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Quercy(kĕrsē`), region and former county, SW France, now divided between Lot and Tarn-et-Garonne depts. Cahors is the chief city. It consists of arid limestone plateaus (causses), cut by fertile valleys of the Lot, Dordogne, and Aveyron rivers. Sheep raising is the chief activity in the causses; the famous Rocamadour cheese is made from sheep's milk. Of Gallo-Roman origin, Quercy (also known as Cahorsin) became (9th cent.) a fief of the counts of Toulouse. It was savagely contested during the Hundred Years War, after which it was united (1472) with the French crown and included in Guienne prov.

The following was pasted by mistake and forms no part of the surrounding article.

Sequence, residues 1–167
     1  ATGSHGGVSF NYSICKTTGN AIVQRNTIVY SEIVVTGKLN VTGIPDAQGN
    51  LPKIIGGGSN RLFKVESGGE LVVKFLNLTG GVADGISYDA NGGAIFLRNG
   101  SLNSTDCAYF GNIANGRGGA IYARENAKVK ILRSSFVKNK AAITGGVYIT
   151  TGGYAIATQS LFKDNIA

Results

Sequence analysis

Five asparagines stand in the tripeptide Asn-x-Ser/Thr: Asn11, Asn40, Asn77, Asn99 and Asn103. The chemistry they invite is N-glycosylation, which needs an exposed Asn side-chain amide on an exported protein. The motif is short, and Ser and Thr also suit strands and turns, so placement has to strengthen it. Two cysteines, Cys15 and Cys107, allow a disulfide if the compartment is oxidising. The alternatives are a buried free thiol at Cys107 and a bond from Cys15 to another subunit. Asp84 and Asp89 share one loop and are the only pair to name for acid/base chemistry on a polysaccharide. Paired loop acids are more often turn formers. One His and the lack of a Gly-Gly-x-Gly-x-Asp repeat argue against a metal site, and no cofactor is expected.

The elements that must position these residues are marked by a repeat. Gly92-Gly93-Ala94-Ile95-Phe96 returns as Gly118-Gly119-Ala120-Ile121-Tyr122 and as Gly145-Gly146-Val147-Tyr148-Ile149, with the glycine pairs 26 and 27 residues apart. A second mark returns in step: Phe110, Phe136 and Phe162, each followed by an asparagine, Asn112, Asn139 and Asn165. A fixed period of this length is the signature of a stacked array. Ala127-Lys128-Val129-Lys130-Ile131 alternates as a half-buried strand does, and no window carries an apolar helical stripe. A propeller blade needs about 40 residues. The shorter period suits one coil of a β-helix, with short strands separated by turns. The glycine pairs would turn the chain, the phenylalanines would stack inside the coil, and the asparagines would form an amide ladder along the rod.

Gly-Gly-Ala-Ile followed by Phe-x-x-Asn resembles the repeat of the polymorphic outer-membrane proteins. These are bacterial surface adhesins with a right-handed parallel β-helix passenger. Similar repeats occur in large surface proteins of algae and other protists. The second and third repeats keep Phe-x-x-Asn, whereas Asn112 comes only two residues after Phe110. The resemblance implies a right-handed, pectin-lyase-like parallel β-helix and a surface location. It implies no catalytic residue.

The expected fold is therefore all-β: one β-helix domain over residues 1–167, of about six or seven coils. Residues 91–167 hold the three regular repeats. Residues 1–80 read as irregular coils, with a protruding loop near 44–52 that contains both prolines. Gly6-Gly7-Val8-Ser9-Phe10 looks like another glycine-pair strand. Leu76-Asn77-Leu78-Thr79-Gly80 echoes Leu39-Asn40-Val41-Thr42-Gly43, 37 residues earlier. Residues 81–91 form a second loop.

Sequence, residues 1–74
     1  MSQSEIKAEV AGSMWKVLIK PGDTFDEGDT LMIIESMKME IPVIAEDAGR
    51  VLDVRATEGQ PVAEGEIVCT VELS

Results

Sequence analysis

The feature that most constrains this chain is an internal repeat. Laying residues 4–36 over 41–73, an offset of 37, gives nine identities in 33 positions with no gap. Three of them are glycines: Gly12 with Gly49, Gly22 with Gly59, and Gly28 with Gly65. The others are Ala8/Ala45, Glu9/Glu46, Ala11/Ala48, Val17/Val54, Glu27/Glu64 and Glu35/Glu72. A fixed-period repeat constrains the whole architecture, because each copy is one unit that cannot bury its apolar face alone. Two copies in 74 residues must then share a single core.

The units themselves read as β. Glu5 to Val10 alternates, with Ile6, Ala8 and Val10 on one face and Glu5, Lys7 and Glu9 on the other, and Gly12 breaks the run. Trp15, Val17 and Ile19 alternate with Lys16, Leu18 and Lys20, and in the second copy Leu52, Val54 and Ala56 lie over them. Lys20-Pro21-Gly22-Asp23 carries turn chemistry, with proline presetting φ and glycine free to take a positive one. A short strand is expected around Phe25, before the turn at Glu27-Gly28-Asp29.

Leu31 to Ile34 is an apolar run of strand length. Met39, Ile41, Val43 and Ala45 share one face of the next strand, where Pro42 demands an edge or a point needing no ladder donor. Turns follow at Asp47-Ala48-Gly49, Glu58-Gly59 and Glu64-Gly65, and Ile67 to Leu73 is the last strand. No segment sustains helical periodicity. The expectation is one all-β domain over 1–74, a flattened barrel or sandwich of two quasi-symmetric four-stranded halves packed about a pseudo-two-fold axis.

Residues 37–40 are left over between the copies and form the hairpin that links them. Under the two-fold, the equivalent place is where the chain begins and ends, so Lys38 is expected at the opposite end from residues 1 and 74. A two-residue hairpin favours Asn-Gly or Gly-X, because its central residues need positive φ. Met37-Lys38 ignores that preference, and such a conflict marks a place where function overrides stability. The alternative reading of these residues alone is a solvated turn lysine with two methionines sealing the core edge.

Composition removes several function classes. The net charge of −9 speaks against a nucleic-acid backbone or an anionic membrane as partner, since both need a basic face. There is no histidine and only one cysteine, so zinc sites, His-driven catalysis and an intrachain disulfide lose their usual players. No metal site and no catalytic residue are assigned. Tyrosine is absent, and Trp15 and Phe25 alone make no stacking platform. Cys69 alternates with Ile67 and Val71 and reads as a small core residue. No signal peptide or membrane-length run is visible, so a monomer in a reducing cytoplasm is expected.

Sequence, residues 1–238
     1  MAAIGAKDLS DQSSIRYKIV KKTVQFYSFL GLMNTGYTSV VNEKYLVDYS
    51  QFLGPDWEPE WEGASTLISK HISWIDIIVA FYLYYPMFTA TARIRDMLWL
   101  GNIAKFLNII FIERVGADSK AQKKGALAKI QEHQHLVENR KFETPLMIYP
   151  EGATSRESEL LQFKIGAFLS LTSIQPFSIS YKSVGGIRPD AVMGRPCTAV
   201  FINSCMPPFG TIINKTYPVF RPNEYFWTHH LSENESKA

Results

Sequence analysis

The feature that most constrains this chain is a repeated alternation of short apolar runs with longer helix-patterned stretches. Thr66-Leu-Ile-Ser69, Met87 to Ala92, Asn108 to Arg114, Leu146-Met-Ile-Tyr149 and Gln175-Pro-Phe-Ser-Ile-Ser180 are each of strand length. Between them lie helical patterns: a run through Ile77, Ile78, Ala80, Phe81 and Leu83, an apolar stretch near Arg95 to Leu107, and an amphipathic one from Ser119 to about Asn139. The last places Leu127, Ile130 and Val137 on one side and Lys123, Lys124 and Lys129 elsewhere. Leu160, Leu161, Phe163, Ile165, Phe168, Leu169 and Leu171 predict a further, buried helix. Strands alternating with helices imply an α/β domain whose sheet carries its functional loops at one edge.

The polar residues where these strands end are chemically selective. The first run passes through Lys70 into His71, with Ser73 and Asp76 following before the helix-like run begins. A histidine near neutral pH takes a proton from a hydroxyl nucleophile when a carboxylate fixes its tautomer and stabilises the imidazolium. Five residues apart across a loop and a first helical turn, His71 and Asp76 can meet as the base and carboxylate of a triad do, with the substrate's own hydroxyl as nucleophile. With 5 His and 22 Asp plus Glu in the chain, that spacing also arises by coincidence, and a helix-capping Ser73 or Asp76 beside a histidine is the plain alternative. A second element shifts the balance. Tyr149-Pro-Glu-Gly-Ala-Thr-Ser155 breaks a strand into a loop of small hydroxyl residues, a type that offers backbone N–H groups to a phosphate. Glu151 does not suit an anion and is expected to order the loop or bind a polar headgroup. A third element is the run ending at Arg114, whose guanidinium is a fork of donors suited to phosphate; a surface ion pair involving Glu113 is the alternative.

a plateau in southwestern France, between the Garonne lowlands on the west and the Central Massif on the east. The eastern part of the plateau reaches an altitude of 300–400m. The plateau, which is composed of Jurassic and Cretaceous limestone, dolomite, and clay, is broken up by the valleys of right-bank tributaries of the Garonne River. Cuestas and karsts characterize the terrain. There are oak, pine, and chestnut forests.